Meanwhile, the club informed rookie right-hander Aaron Barrett that he will make the big league bullpen. Infielder/outfielder Jeff Kobernus and catcher Sandy Leon are the final two options for the last bench spot; Taylor Jordan and Tanner Roark remain as fifth-starter candidates.
Barrett, 26, was one of the pleasant surprises of camp after posting a 2.15 ERA in 51 relief appearances for Double-A Harrisburg last season. He tossed 9 2/3 scoreless innings this spring, allowing five hits and striking out seven without issuing a walk. Although the Nats contemplated keeping Cedeno as a third lefty behind Jerry Blevins and Ross Detwiler, Barrett's performance ultimately swayed them.
"When it came down to it, Aaron showed us that he's able to compete at this level, certainly, and he's attacked guys, and he'll be a valuable piece to our bullpen and get in a lot of games for us," manager Matt Williams said.
Carroll appeared to be a strong contender for a backup infield job after signing a Minor League deal this offseason, but Williams did not see the 12-year veteran getting the playing timing time to justify a roster spot. Instead Williams wanted to give Carroll an opportunity to latch on with another club.
"That was the toughest one I've had so far," Williams said of the Carroll decision.
Lack of playing time also affected Moore, with Scott Hairston cemented as a right-handed backup outfielder and Ryan Zimmerman now an option at first base.
After a strong debut in 2012, Moore struggled in a limited role last season, going 1-for-18 with 12 strikeouts as a pinch-hitter. Williams believes Moore will be best served getting consistent at-bats at Syracuse.
"It's tough when you're not getting those at-bats," Williams said. "He's a player that needs them to stay sharp. I can understand that."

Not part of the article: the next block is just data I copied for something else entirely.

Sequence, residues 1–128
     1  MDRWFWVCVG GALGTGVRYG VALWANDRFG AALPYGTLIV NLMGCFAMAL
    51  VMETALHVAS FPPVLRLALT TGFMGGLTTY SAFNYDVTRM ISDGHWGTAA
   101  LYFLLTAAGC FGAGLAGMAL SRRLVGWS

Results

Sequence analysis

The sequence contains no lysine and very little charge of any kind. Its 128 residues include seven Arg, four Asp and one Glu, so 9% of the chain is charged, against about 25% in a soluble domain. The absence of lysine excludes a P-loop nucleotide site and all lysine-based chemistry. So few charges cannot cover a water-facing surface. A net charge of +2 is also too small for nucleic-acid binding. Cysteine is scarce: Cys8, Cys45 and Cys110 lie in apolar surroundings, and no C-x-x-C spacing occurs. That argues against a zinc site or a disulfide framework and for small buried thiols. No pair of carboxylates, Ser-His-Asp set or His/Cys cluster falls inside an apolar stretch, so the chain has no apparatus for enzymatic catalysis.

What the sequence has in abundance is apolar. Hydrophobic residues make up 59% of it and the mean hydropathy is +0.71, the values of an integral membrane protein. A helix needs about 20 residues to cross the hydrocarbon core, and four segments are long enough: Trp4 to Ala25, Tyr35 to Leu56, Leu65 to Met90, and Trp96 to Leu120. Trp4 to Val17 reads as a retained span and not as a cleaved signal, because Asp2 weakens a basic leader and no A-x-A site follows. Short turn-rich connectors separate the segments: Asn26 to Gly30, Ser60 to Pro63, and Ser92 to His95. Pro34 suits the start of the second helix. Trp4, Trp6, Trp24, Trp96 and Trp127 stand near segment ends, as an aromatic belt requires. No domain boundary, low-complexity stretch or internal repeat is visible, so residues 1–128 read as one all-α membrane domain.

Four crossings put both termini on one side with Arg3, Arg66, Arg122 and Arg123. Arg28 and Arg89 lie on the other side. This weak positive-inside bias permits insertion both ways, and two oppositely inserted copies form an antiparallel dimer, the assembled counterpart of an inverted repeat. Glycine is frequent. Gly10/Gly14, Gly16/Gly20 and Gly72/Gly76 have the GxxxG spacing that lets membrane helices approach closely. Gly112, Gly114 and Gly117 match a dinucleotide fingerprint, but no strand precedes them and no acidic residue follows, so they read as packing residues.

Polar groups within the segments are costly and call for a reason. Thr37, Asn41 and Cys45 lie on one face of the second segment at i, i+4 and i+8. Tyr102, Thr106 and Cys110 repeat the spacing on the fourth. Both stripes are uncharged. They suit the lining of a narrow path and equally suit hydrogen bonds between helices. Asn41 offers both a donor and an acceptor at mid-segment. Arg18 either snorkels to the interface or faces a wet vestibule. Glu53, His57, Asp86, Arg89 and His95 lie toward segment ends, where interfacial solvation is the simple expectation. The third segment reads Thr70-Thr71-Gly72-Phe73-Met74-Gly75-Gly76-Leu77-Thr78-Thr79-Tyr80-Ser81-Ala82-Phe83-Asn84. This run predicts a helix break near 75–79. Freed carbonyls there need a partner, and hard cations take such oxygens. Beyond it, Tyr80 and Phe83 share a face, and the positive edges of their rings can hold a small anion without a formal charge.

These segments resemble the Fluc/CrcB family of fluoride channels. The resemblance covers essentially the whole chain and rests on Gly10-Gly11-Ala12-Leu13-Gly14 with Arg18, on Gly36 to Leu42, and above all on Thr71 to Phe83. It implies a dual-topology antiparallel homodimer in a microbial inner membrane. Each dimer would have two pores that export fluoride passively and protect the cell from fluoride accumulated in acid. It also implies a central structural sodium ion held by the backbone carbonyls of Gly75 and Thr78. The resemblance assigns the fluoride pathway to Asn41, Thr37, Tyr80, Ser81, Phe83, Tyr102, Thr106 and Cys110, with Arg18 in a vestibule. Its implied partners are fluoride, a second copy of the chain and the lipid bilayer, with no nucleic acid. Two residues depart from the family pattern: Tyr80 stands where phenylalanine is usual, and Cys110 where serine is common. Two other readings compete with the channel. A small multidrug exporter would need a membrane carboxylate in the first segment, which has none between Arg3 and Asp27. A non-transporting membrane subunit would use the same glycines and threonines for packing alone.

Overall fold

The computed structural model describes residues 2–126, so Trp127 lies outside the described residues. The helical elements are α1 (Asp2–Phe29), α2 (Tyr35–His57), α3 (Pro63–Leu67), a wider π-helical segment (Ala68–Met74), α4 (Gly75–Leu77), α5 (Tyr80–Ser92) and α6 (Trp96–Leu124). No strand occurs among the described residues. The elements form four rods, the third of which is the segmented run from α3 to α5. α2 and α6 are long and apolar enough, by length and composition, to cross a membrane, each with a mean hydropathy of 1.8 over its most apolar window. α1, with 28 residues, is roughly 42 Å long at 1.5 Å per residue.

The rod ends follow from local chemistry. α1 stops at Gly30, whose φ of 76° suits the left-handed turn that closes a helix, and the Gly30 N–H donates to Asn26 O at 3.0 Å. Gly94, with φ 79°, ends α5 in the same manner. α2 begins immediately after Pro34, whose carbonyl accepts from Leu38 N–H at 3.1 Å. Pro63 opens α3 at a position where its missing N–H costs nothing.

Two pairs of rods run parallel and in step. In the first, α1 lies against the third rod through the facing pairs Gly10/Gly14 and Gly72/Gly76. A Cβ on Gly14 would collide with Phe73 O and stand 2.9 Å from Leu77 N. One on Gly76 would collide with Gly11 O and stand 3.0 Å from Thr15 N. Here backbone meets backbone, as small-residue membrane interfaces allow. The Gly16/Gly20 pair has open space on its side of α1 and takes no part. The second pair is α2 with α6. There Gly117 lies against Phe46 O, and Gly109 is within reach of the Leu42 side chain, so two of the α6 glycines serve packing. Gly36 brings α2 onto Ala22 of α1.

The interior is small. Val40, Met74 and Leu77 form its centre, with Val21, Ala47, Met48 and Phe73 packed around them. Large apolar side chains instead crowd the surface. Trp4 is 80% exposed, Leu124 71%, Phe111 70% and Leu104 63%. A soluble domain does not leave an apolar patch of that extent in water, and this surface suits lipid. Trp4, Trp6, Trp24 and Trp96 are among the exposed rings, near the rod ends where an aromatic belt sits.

Kobernus offers speed and an extra right-handed bat, having stolen 42 bases for Syracuse last season in addition to hitting .318. On the other hand, Williams could go with Leon as a third catcher, with the idea of freeing up starter Wilson Ramos or backup Jose Lobaton to pinch-hit on days they aren't in the lineup.
Early in camp, Mattheus came down with costochondritis, inflammation of the cartilage connecting the ribs and sternum. He didn't pitch in a game until last Thursday, and on Tuesday made his third appearance of an inning or less. Williams wants Mattheus to be able to go multiple innings, so Mattheus will head to Syracuse to continue building up his arm.
Whereas Gonzalez never quite got it going after signing a Minor League deal on March 4, Young had pitched well this spring, posting a 3.48 ERA and holding hitters to a .211 average in 10 1/3 innings. Still, the fifth spot in the rotation will come down to two second-year pitchers, Jordan and Roark, unless Doug Fister needs to begin the season on the disabled list.
Fister returned from a bout of inflammation in his right elbow to pitch on Saturday against the Marlins, and he is expected to be ready to start on April 6 against the Braves. He is slated to pitch in a Minor League game on Thursday and then possibly another before that time, and a hiccup in his progress could lead the Nats to keep Jordan and Roark.
"It depends on Doug and how he feels," Williams said. "Again, we're going to push him again and we'll go forward with that. All indications are that he's going to be fine, that he feels fine, but we'll push him to another level next time out; it depends on Doug."